Power/Performance Bits: March 17

Leaves of nickel for artificial photosynthesis; doubling RF data capacity; a nano piano’s first concert.

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Artificial photosynthesis: leaves of nickel

Inspired by a chemical process found in leaves, Caltech scientists developed an electrically conductive film that could help pave the way for devices capable of harnessing sunlight to split water into hydrogen fuel.

When applied to semiconducting materials (it’s been tested with silicon, indium phosphide, and cadmium telluride), the team’s film of nickel oxide prevents rust buildup and facilitates an important chemical process in the solar-driven production of fuels such as methane or hydrogen.

The development could lead to safe, efficient artificial photosynthetic systems—also called solar-fuel generators or “artificial leaves”—that replicate the natural process of photosynthesis that plants use to convert sunlight, water, and carbon dioxide into oxygen and fuel in the form of carbohydrates, or sugars.

The artificial leaf consists of three main components: two electrodes—a photoanode and a photocathode—and a membrane. The photoanode uses sunlight to oxidize water molecules to generate oxygen gas, protons, and electrons, while the photocathode recombines the protons and electrons to form hydrogen gas. The membrane, which is typically made of plastic, keeps the two gases separate in order to eliminate any possibility of an explosion, and lets the gas be collected under pressure to safely push it into a pipeline.

Ke Sun, a Caltech postdoc in the lab of George L. Argyros Professor and Professor of Chemistry Nate Lewis, peers into a sample of a new, protective film that he has helped develop to aid in the process of harnessing sunlight to generate fuels. (Source: Lance Hayashida/Caltech Marcomm)

Ke Sun, a Caltech postdoc in the lab of George L. Argyros Professor and Professor of Chemistry Nate Lewis, peers into a sample of a new, protective film that he helped develop to aid in the process of harnessing sunlight to generate fuels. (Source: Lance Hayashida/Caltech Marcomm)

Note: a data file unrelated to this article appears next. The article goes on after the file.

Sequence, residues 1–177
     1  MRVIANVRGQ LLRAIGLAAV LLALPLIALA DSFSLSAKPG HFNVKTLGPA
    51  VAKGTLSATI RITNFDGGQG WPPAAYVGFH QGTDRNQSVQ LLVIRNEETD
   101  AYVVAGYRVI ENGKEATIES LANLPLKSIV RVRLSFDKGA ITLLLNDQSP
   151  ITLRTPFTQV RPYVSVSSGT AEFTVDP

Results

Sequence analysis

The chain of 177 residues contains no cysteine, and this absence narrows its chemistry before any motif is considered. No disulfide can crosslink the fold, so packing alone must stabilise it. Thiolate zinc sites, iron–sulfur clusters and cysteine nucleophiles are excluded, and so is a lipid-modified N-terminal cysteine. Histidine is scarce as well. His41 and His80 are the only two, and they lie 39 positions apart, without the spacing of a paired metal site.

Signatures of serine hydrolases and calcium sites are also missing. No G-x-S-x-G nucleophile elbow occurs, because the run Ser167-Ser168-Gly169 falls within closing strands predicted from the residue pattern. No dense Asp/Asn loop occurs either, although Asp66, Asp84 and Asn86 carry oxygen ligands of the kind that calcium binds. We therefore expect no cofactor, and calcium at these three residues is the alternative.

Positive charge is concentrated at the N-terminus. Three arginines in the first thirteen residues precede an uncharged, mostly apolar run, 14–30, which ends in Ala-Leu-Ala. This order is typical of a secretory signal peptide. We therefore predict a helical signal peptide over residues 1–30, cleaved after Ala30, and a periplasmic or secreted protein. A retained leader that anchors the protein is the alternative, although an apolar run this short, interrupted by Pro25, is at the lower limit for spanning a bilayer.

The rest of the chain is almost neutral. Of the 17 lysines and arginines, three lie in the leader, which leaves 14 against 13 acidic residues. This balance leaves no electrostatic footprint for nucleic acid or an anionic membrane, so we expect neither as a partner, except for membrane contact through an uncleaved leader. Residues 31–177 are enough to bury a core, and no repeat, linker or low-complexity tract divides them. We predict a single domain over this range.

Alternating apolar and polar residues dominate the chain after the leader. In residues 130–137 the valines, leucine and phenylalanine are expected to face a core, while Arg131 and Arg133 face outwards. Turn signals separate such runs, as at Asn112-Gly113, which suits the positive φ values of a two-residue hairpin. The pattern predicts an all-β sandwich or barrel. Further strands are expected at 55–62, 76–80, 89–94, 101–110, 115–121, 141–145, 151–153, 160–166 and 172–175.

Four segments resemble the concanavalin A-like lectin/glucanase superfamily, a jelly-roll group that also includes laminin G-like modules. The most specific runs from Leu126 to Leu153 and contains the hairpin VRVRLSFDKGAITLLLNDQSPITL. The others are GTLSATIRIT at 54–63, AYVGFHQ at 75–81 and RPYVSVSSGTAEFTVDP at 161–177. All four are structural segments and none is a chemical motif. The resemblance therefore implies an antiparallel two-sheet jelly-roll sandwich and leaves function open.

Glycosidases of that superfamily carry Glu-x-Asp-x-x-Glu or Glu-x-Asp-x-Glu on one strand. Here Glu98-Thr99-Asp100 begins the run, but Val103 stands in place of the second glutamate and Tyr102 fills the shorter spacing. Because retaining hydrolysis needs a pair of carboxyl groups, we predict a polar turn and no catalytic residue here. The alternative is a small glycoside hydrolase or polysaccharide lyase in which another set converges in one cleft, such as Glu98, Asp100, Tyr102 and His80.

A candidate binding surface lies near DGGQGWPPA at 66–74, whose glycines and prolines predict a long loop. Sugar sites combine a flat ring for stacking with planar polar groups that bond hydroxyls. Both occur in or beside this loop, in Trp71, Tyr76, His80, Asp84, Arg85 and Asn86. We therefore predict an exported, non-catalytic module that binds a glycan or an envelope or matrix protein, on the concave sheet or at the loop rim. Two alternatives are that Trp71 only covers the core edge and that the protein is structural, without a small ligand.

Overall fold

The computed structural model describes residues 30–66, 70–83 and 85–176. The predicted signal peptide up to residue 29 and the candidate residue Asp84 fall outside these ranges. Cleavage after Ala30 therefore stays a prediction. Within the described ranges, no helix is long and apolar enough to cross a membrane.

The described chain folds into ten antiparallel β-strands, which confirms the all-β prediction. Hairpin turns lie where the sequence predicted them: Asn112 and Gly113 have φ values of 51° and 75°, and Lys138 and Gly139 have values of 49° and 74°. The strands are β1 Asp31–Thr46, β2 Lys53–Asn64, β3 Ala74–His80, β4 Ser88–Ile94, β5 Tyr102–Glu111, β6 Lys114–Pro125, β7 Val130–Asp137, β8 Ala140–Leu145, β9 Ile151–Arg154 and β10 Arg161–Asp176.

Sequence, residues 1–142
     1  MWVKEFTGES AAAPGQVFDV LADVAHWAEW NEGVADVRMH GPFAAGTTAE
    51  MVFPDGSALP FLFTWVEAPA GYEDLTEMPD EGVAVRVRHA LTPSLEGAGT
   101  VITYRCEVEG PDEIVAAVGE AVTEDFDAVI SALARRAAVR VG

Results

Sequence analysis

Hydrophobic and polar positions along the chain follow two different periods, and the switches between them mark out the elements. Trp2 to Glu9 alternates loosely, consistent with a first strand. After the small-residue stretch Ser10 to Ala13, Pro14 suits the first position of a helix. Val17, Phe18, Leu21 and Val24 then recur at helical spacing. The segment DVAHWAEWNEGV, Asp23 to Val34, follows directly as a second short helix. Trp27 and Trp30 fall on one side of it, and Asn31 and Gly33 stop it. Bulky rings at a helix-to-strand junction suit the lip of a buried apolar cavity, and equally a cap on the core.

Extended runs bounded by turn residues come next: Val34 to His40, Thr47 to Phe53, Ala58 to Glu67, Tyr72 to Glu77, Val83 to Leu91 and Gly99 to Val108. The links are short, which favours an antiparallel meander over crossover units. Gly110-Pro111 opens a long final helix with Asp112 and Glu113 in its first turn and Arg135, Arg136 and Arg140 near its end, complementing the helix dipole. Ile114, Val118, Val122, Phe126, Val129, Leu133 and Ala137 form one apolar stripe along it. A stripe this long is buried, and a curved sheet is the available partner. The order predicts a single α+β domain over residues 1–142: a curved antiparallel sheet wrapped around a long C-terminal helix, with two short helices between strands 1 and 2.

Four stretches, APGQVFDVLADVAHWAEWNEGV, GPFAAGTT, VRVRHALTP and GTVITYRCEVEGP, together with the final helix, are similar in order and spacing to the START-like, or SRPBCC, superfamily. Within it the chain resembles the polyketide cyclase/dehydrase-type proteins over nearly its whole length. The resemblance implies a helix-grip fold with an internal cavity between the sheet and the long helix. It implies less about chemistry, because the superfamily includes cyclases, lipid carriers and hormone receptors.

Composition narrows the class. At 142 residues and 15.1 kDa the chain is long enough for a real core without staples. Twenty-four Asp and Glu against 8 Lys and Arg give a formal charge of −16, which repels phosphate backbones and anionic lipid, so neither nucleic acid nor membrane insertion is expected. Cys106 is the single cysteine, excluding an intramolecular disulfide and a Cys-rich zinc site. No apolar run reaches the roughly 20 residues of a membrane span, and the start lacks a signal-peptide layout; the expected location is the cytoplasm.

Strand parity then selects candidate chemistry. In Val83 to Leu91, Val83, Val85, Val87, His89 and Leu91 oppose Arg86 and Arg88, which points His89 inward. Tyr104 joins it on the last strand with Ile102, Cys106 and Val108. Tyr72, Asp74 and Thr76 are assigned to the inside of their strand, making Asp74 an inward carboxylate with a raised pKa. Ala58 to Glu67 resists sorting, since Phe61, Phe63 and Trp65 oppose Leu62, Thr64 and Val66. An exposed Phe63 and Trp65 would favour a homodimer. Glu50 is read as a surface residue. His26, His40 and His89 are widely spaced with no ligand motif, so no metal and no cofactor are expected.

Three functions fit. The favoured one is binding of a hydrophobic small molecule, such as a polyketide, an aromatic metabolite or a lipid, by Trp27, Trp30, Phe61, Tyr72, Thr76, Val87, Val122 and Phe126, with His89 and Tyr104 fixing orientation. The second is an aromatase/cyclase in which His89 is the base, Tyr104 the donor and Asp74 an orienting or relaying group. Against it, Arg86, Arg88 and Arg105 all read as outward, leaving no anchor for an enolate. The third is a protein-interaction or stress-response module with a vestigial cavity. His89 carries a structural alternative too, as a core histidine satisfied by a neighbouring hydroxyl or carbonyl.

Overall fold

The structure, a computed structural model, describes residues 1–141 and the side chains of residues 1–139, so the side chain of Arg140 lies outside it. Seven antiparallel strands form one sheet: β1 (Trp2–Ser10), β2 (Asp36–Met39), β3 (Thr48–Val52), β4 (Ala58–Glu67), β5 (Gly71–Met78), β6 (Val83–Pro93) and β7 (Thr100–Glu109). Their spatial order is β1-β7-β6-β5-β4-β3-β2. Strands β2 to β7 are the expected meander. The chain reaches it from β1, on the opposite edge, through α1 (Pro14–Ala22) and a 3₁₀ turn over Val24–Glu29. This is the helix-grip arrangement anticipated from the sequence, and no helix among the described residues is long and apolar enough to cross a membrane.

While there have been many experiments to create a protective coatings for the electrodes, all previous attempts have failed for various reasons. “You want the coating to be many things: chemically compatible with the semiconductor it’s trying to protect, impermeable to water, electrically conductive, highly transparent to incoming light, and highly catalytic for the reaction to make oxygen and fuels,” says Nate Lewis, professor of chemistry at Caltech. “Creating a protective layer that displayed any one of these attributes would be a significant leap forward, but what we’ve now discovered is a material that can do all of these things at once.”

The team is working on a photocathode, but Lewis cautions that they are still a long way off from developing a commercial product that can convert sunlight into fuel. “What we have to do is combine both of these elements together and show that the entire system works. That will not be easy, but we now have one of the missing key pieces that has eluded the field for the past half-century.”

Doubling RF data capacity

At the International Solid-State Circuits Conference in February, a team from Columbia University demonstrated what was thought to be impossible: an integrated circuit that can simultaneously transmit and receive at the same frequency in a wireless radio.

While the theoretical feasibility of the technology—full-duplex radio integrated circuits that can be implemented in nanoscale CMOS—has been demonstrated, no one had yet been able to build nanoscale ICs with this capability.